By Annlia Hill
In the 1920s, Coast Highway was only a two-lane oiled road. It didn’t go north past Emerald Bay. To get to Newport Beach, one had to go inland via Laguna Canyon Road. And to get to town from Oak Street, one had to go up and over the hill at Sleepy Hollow.
And it wasn’t always called Coast Highway. Over the years, it or parts of it have been called Riverside Drive, Beach Street, Coast Road, Coast Boulevard and Spring Street. Today, it is the North Coast Highway north of Broadway, South Coast Highway south of Broadway to Nyes Place, and Coast Highway south of Nyes. It is not Pacific Coast Highway or PCH until one reaches Dana Point to the south and north of Newport Beach (which has East and West Coast Highway).
It was a big event when the coast road in Laguna was paved, widened and the grade lowered at Sleepy Hollow. The Alley Kids were thrilled watching the road being built, particularly the mixing and laying of concrete. Forms were laid, and concrete was poured in sections about 10’ square. At the time, no cement trucks transported pre-mixed concrete to the construction site. Each batch of several sacks of cement and a third of a dump truck load of sand and gravel were loaded into a mixer on site. A small dirt dam around the edge of each square kept water puddled on top of the concrete to prevent it from drying too fast and cracking. The Alley Kids sat on the curb and watched for hours.
This project also included the building of storm drains. The drain at Oak Street started in a low area on the inland side of the highway, where the Art of Fitness is today, and emptied at the cliff above the beach. This was a challenge to the kids; Walt crawled all the way through it! This episode was immortalized by Fletcher Palmer, a new Alley Kid with some artistic talent, who drew a cartoon head in the wet cement of the drain curbing and labeled it “Walt.” It lasted 50 years!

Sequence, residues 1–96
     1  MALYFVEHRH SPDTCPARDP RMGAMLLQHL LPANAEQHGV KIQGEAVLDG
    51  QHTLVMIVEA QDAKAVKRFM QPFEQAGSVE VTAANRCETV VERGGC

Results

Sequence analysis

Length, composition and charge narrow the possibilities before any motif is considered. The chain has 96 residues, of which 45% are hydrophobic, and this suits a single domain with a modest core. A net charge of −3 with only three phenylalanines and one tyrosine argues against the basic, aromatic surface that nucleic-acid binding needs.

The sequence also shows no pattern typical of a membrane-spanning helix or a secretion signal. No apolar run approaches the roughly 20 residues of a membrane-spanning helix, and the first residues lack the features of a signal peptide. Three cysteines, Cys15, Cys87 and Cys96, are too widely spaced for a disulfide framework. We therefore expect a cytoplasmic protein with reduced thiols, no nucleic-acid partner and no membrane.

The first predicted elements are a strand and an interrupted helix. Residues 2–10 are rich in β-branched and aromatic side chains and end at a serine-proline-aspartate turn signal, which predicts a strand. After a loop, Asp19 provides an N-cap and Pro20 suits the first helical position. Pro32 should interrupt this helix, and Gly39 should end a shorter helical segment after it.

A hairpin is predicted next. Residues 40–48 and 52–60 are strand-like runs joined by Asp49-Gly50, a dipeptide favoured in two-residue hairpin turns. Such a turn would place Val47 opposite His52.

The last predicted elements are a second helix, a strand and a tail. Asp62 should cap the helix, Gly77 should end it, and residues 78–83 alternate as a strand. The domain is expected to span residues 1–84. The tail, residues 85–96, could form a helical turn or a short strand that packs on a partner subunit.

Although not yet completed, Laguna Beach’s portion of Coast Highway was officially launched Oct. 9, 1926, with great fanfare and the Alley Kids amongst the crowd. Film stars Douglas Fairbanks as “Mighty Vulcan the Blacksmith” (the ancient Roman god of fire) and Mary Pickford as “The Spirit of Progress” cut the ribbon. The Santa Ana Daily Register of Oct. 8 reported that a caravan of cars would start in Long Beach and head to Laguna to commemorate the opening of “Coast Highway.” The California Highway Bulletin of November 1926 described the grand affair: “Confident of what the new state highway means to the future of progress and prosperity of their respective communities, residents of the south coast cities celebrated recently the opening of the Newport-Laguna unit of the Oxnard-San Juan Capistrano highway. An allegorical pageant over the new coast route ended at Laguna in the forging of a great symbolic chain of friendship, linking together the beach communities from Long Beach southward to Serra.”
Completion of Coast Highway between Long Beach and Serra (San Juan Capistrano), where it joins the Los Angeles-San Diego state highway, came in the 1930s.
Construction of the full connecting road along the Pacific Ocean throughout California was completed in sections, and portions of the route were variously named over the years. The whole road was officially named Pacific Coast Highway in 1959, then SR 1 in 1964, but in Laguna, it is North or South Coast Highway. The city uses the North/South Coast Highway names on official documents, including those submitted to state agencies. In 2002, Caltrans posted a “Pacific Coast Highway” sign at the then-new traffic signal for the entrance to the Pavilions Shopping Center at Boat Canyon. A cry went up, and eventually, it was replaced with the local terminology “North Coast Highway.”
“The Mighty Vulcan” and the “Spirit of Progress” brought more traffic to Laguna and provided new entertainment for the Alley Kids. They started counting Fords and Chevys to see which was more popular. Fords won. But Auntie Coolidge’s Studebaker was the favorite. Auntie would take the kids up Laguna Canyon to the duck ponds, to Emerald Bay and Crystal Cove movie sets, to Newport Bay to gather cockle clams, to the lagoon at Aliso Beach to sail their little boats, and to Dana Point to picnic on the beach with no waves.
Laguna was growing. The population in 1930 was 1,981.
Annlia is a 50-year resident of Laguna Beach and married to a fourth-generation Lagunan. Having walked nearly every street and alley in town, she has observed firsthand the artistic charm and imagination of residents.